Since the new Israeli government took power, I have stood on the street in New York and Washington, D.C., with hundreds of Israeli Americans and American Jews who came out to protest Finance Minister Betzalel Smotrich speaking at an Israel Bonds dinner, the (temporary, as it turns out) firing of Defense Minister Yoav Gallant and the ongoing attacks on the High Court. As someone who has been working for human rights in Israel for decades, I am thrilled to see more and more American and Israeli Jews join these protests.
But we have not yet seen a call to the streets from most of our legacy organizations or synagogues. Nor has JFNA altered its regular General Assembly programming to instead take 3,000 American Jews into the streets of Tel Aviv — or even host protest organizers or civil society leaders, rather than the leaders of the coup.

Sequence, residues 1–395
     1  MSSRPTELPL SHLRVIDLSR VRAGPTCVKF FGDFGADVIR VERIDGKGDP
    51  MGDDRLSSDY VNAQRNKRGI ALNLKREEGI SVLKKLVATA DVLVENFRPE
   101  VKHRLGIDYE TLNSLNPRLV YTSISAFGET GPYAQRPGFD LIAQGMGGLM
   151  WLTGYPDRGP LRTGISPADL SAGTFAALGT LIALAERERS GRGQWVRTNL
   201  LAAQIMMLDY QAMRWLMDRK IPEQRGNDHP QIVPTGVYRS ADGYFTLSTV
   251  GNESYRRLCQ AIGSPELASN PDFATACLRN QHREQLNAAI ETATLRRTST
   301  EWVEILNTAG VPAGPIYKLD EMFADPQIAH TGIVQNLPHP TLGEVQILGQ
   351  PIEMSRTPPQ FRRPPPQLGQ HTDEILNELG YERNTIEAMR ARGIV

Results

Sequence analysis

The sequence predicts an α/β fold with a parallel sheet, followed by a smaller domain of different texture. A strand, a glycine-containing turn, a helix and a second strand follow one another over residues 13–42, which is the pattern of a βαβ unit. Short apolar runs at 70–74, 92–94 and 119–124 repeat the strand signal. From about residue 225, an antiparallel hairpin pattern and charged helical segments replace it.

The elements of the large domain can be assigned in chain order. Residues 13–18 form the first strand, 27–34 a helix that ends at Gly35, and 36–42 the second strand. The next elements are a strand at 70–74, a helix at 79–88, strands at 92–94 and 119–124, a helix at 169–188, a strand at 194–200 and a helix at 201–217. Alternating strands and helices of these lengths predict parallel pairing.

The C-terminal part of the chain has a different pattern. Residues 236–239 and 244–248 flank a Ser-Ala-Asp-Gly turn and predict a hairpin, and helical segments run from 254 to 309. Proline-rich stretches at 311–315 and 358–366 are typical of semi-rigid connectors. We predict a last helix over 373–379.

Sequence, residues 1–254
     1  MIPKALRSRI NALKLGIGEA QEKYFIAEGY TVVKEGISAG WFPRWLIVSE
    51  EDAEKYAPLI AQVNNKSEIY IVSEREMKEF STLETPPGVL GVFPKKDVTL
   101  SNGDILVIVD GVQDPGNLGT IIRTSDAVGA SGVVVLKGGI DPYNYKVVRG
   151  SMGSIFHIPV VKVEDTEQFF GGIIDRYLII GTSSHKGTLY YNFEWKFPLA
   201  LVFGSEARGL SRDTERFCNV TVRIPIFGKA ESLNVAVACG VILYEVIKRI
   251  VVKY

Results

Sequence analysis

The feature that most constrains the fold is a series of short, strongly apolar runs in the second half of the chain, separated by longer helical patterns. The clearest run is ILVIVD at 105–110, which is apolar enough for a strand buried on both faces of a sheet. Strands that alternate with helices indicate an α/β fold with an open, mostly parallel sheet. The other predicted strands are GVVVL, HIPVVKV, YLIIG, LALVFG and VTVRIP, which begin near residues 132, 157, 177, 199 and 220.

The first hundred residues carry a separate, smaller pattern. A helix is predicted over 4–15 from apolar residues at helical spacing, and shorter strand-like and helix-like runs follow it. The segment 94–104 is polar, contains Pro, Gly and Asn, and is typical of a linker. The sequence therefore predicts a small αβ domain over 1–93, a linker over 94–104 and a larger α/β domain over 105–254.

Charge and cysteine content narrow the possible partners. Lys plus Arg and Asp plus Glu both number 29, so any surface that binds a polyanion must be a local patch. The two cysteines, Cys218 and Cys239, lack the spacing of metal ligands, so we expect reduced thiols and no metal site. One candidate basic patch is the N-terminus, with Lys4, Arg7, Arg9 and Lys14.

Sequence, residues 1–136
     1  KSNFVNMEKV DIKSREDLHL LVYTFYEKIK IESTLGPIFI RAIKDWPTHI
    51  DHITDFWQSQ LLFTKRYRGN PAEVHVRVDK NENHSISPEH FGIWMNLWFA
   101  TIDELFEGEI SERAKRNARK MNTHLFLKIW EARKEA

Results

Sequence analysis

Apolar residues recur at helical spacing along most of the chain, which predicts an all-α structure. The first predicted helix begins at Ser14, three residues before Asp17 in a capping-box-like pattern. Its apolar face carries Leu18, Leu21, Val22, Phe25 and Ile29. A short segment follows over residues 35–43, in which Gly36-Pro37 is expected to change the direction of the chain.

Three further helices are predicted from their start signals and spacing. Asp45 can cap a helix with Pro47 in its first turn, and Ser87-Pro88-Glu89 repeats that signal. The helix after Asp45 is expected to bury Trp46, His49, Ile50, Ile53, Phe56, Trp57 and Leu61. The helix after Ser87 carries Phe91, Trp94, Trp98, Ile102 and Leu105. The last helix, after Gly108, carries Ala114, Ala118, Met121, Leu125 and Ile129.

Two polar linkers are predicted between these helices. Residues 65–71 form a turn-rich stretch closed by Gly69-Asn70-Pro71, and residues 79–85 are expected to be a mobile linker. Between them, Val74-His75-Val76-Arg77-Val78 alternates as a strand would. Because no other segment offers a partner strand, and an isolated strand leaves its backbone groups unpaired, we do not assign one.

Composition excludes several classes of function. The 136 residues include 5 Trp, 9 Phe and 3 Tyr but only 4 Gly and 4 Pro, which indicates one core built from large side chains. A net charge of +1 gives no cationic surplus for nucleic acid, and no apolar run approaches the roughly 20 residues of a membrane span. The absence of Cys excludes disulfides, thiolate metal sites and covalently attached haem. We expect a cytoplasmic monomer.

Why are American Jews so terrified to protest Israeli actions, even when the country is being taken over by people whose values are anathema to most of ours?
Yeshayahu Leibowitz, an influential and prophetic 20th-century Jewish thinker, warned of the danger that the nascent state of Israel would become an object of worship. “The state fulfills an essential need of the individual and the national community,” he wrote, “but it does not thereby acquire intrinsic value — except for a fascist who regards sovereignty, governmental authority, and power as supreme values.” In a 1991 lecture, he went so far as to call any religious Jews who supported occupation and settlement “descendants of the worshippers of the Golden Calf, who proclaimed ‘this is your God, Israel.’ A calf doesn’t necessarily need to be golden; it can also be a people, a land, or a state.”
In Israel, the religious settler movement that Leibowitz disparaged three decades ago now runs the state, and — as he warned — its agenda puts the occupation of land first, and the treatment of people second.